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Hello,

Here is a problem I encountered in the study of Kähler manifolds but there is a natural generalisation of this for topological spaces. If $X$ is a topological space, denote by $g_\mathbb{R}$ the real genus of $X$, that is the maximal dimension of an isotropic subspace in $H^1(X,\mathbb{R})$ (isotropic means that the cup-product restricted to this space is $0$). We can in the same way define $g_\mathbb{C}$ (here we take the complex dimension).

Now the question is : $g_\mathbb{C} = g_\mathbb{R}$ ?

This seems totally obvious : if one has a real isotropic space, then its complexification is a complex isotropic subspace but conversely I don't see how to construct a real isotropic subspace from a complex one.

This is true if $H^2$ has dimension $0$ or $1$ : $0$ is clear and for $1$ one can see the cup-product as a standard symplectic form (maybe degenerate), but in general ?

Thank you for your answers and sorry if I just missed something obvious.

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This is a question about linear algebra, not topology. Every skew-symmetric map $\mathbb{Z}^k \times \mathbb{Z}^k \to \mathbb{Z}^n$ occurs as cup product for some topological space: Just take a wedge of $k$ circles and glue on $n$ $2$-cells with appropriate boundaries. I don't know the answer, though. –  David Speyer Mar 8 '11 at 13:58
    
You are right, in full generality this is a question of linear algebra but maybe one can say something when the question is restricted to some class of manifolds. For instance this seems to be true for Kähler manifolds and I want to see if this has something to do with Hodge decomposition. –  mister_jones Mar 8 '11 at 14:25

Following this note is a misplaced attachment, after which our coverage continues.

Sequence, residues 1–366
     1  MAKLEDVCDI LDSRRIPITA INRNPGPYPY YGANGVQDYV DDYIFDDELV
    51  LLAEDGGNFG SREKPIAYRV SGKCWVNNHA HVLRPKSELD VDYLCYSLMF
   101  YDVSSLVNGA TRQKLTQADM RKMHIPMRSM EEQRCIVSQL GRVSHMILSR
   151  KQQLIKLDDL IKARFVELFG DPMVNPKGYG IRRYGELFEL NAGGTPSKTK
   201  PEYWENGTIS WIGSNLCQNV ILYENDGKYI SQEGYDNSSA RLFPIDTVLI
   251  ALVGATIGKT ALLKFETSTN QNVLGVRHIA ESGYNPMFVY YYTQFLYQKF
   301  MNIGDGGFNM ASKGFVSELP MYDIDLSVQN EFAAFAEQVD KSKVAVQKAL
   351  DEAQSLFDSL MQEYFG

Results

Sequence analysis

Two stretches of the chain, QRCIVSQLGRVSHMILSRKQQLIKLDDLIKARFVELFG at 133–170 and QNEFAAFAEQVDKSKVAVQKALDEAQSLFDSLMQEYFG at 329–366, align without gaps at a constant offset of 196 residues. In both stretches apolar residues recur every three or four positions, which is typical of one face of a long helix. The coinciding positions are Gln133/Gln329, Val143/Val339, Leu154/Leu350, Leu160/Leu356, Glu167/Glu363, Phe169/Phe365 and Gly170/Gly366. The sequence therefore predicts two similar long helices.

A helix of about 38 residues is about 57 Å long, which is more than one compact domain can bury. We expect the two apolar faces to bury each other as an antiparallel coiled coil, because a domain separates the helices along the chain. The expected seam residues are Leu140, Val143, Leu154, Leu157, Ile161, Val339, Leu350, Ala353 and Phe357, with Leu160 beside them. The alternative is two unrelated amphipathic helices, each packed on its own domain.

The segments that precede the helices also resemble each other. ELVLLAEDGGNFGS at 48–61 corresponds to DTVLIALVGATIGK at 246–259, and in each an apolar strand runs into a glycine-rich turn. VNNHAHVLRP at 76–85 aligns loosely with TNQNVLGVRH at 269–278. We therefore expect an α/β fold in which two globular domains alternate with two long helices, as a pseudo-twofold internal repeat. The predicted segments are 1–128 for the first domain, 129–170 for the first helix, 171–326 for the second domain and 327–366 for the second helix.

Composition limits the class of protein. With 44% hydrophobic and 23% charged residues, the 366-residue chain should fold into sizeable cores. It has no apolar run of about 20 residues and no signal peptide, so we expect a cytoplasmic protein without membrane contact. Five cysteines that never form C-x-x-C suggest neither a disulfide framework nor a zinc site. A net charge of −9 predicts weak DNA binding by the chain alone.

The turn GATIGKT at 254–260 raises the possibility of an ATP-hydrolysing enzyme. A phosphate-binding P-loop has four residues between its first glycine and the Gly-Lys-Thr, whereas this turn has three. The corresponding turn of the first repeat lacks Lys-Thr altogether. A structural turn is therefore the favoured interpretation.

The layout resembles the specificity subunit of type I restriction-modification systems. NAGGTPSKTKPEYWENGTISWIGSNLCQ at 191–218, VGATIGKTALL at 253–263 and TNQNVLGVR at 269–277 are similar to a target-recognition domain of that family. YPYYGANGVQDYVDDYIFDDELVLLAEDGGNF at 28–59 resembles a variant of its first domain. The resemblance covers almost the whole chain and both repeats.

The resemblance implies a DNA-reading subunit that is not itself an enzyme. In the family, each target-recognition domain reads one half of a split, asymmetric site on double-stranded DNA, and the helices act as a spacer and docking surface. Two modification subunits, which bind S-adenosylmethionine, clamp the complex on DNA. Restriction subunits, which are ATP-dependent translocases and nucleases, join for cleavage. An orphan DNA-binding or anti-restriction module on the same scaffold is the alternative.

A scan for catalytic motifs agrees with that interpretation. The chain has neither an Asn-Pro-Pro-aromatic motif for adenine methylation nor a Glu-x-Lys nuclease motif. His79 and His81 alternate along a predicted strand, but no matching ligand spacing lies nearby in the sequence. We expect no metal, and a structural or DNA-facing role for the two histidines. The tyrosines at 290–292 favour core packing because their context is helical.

You might be interested in the notion of a $g$-element ams.org/mathscinet-getitem?mr=1983365 -- this axiomatizes some of the properties of a Kahler class. I haven't thought through exactly what it would do for you in this case, though. –  David Speyer Mar 8 '11 at 17:04
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1 Answer

up vote 3 down vote accepted

In the full linear algebra generality, the answer is no.

Take four generic $2$-planes, $V_1$, $V_2$, $V_3$ and $V_4$ in $\mathbb{R}^4$. Over $\mathbb{C}$, there are always two $2$-planes $W$ such that $W \cap V_i \neq (0)$ for $1 \leq i \leq 4$. (This is the first nontrivial Schubert calculus example.) Choose the $V_i$ such that the $W$ are NOT defined over $\mathbb{R}$. If you want a concrete example, take $\def\span{\mathrm{Span}_{\mathbb{R}}}$ $\span(e_1, e_2)$, $\span(e_3, e_4)$, $\span(e_1+e_3, e_2+e_4)$ and $\span(e_1+e_4, e_2-e_3)$; the two $W$'s are $\mathrm{Span}_{\mathbb{C}}(e_1 + ie_2, e_3 + i e_4)$ and its complex conjugate.

Let $\omega_i$ be a degenerate skew-symmetric bilinear form of rank $2$, for which $V_i$ is the kernel. For example, if $V_i$ is $\span(e_1, e_2)$, you could take $\omega_i = e_3^* \wedge e_4^*$. Lemmma: $W$ is $\omega_i$-isotropic if and only if $W$ has nontrivial intersection with $V_i$.

So, with the $V_i$ as above, there are two complex isotropic $2$-planes, but no real ones.

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This is a nice example and seems to show that in high dimensions such examples are not at all pathological. Do you think than we can obtain in this way a result like : "a generic finitely presentable group (with sufficiently generators and relations) does not verify $g_\mathcal{R} = g_\mathcal{C}$" ? –  mister_jones Mar 9 '11 at 19:20
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